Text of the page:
Since the days of Pythagoras, numbers have appealed to our sense of the mystical and spooky as well as to our rational and analytic faculties. Whether they are constructs or inventions, facets of an idealized reality, or just rule-governed symbols and squiggles are issues that have resounded all through the history of philosophy. Whatever one’s philosophy of mathematics, however, there is something ethereal about numbers. They do seem, at least in uncritical moments, to reside in some sort of Platonic heaven. Numbers are up there somewhere.
Some recent manifestations of this apotheosis of numbers are the movie Pi and its depiction of a mathematician obsessed with finding secret messages in the number’s decimal expansion; the best-selling The Bible Code, with its silly claim of so-called equidistant letter sequences in the Torah foretelling future events; the recent biographies of the monastic number theorist Paul Erdos; the excitement over the proof by Andrew Wiles of Fermat’s 350-year-old last theorem; millennial anxiety with its associated Y2K problem; and, perhaps, even the new cologne named Pi.
To many, however, numbers have a less ambrosial scent. In contrast to their heavenly aspects, numbers and computation are also seen as grubby and oppressive. “Ambition, Distraction, Uglification, and Derision” is how Lewis Carroll referred to the basic arithmetic operations, and this is how many people still view school computation (except for “ambition,” which never seemed to belong on the list, “admonition” seeming more appropriate, perhaps). The reason for this repugnance is that computation is so often boring and tiresome. Worse than this, it can forever color (or should I say discolor) people’s views of real mathematics.
Tasks such as adding fractions, calculating with percentages, or solving artificial “story problems” about trains and rates have failed to delight billions of young students through the ages. Stripped of even a minimal narrative pretense, the stultifying four hundred long divisions that students have to perform in elementary school evolve into the equally mind-numbing four hundred polynomials to factor in high school algebra and then the four hundred functions to differentiate in freshman calculus. Later, as adults, we’re inundated with polls, studies, and torrents of demographic statistics, stock prices, and sales figures—certainly important, but nonetheless frequently drudgery.
In his recent book, The Number Devil: A Mathematical Adventure, the distinguished German journalist, critic, and poet Hans Magnus Enzensberger plays off both these ubiquitous attitudes toward numbers and mathematics to fashion a charming numerical fairy tale for children. Most parents, I suspect, will also learn from the book, which was a best seller in Germany and Spain and has now been translated from the German by Michael Henry Heim.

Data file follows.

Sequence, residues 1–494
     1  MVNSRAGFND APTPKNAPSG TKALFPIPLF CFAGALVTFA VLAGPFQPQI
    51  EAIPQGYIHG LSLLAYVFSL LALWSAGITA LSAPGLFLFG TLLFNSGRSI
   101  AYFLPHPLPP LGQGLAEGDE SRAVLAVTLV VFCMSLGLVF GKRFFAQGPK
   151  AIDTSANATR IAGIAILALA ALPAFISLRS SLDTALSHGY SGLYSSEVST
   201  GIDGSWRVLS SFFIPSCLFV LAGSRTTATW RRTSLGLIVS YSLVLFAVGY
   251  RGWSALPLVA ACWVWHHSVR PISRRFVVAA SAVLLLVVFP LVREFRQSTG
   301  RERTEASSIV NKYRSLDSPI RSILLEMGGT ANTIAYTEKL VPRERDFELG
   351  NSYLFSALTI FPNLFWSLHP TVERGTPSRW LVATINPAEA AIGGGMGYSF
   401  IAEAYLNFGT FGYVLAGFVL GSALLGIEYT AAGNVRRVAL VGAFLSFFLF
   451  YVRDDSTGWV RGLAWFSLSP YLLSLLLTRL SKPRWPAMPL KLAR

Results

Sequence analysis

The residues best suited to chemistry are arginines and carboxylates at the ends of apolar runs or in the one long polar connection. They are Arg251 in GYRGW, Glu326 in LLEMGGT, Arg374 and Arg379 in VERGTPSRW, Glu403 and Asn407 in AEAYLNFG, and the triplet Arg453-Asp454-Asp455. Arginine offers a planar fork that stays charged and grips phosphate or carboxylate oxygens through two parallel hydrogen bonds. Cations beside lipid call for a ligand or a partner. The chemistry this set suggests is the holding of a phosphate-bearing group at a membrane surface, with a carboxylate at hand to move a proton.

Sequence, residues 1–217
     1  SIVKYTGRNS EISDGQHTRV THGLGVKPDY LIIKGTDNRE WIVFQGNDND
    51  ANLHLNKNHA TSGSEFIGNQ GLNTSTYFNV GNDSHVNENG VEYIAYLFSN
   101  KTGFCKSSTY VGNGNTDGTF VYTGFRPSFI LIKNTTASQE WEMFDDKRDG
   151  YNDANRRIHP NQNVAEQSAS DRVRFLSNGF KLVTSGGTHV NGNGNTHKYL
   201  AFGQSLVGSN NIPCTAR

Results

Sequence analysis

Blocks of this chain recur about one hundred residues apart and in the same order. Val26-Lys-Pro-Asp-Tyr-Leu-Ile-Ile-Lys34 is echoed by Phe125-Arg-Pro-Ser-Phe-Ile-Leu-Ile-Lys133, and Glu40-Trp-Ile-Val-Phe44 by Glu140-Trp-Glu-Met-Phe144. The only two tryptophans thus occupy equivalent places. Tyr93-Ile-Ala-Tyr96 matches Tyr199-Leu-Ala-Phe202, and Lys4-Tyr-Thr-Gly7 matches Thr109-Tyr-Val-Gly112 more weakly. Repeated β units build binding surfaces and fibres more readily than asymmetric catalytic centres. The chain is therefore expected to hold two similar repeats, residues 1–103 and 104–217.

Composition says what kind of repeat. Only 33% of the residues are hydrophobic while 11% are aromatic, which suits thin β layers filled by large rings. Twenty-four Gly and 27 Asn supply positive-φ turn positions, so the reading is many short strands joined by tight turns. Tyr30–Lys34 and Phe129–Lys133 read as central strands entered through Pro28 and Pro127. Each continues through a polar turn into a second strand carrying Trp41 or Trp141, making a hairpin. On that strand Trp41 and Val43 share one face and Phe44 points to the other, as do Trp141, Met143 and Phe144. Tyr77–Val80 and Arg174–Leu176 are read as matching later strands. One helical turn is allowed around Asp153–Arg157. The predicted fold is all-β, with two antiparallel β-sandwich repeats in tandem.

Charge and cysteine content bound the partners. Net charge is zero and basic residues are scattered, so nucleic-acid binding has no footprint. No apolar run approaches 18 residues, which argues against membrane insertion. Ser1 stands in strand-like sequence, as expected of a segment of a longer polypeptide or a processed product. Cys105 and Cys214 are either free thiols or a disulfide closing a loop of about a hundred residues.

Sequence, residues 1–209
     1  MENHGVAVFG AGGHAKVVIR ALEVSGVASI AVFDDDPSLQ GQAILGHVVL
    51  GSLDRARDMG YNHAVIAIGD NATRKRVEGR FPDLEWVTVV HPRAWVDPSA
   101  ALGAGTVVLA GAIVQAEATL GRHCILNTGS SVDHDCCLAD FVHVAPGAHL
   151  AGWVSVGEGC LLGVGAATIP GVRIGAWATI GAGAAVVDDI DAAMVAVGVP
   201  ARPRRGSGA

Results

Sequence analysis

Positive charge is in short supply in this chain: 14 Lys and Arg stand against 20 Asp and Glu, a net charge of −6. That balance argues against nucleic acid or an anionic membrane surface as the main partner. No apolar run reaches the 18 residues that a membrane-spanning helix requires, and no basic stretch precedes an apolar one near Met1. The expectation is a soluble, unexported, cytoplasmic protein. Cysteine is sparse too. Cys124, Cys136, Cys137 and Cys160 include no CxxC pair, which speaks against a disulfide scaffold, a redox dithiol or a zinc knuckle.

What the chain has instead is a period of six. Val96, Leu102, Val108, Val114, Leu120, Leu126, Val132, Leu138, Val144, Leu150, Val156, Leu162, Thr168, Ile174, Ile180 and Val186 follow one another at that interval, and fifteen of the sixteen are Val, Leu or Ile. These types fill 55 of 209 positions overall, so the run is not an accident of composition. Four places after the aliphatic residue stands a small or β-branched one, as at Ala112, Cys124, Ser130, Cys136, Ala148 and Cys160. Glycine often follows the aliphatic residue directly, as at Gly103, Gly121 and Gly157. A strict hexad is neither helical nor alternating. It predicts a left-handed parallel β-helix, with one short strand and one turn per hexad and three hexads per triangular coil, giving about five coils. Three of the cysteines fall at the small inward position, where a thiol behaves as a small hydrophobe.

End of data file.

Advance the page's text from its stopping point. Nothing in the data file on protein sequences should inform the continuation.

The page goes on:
Robert, a friendless young boy who detests school mathematics, has disturbing dreams of fish, bicycle locks, and falling. Then one night he begins dreaming of an irascible little imp, the number devil, who gradually introduces him to some of the wonders of elementary number theory. In a sequence of twelve dreams the twelve-year-old boy (and, presumably, the young reader) comes to understand prime numbers, roots and powers of numbers, irrational numbers, permutations, infinite sets, golden ratios, and a variety of other notions. The lessons are accompanied by some gentle and engaging browbeating of the boy by the red-vested number devil, who uses strange and appealing words for the various numbers and operations. A slow change takes place in the boy’s attitude toward numbers, away from their disagreeable, utilitarian aspect stressed by his school math teacher, Mr. Bockel, and toward an appreciation of their austere beauty and mysterious interconnections.
The devil begins by having Robert observe that every whole number can be reached by starting at one and then adding to it more and more ones. Since we can add ones forever, there must be infinitely many numbers (but not, as the book’s translator loosely puts it, infinitely large numbers). Likewise we can start at one and divide it by increasingly large whole numbers and generate infinitely many fractions, each one smaller than its predecessor. The dream ends with a numerical argument between the number devil and Robert, who wakes up laughing.
Picking up the pace in the second dream, the number devil introduces Robert to the practice of “hopping” numbers, or raising them to a power. Making 5 hop three times, for example, gives us 125, or 5 å´ 5 å´ 5, or 53. When 10 hops four times we get 10,000, or 10 å´ 10 å´ 10 å´ 10, or 104. After getting Robert to recognize the importance of zero and the position of digits, the number devil explains our Arabic number system by noting, for example, that 1986 is 10 hopped three times, times 1 (1000); plus 10 hopped two times (100), times 9 (900); plus ten hopped once, times 8 (80); plus 1 hopped not at all, times 6.